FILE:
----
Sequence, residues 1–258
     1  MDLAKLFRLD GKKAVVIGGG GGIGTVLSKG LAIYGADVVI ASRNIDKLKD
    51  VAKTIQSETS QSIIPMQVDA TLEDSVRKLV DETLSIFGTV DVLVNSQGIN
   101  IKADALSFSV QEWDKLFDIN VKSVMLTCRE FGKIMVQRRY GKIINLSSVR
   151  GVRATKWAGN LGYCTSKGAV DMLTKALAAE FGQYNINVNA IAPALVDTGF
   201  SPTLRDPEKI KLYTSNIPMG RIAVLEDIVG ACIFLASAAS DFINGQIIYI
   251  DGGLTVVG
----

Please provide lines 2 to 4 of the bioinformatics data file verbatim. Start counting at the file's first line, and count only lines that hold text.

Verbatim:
     1  MDLAKLFRLD GKKAVVIGGG GGIGTVLSKG LAIYGADVVI ASRNIDKLKD
    51  VAKTIQSETS QSIIPMQVDA TLEDSVRKLV DETLSIFGTV DVLVNSQGIN
   101  IKADALSFSV QEWDKLFDIN VKSVMLTCRE FGKIMVQRRY GKIINLSSVR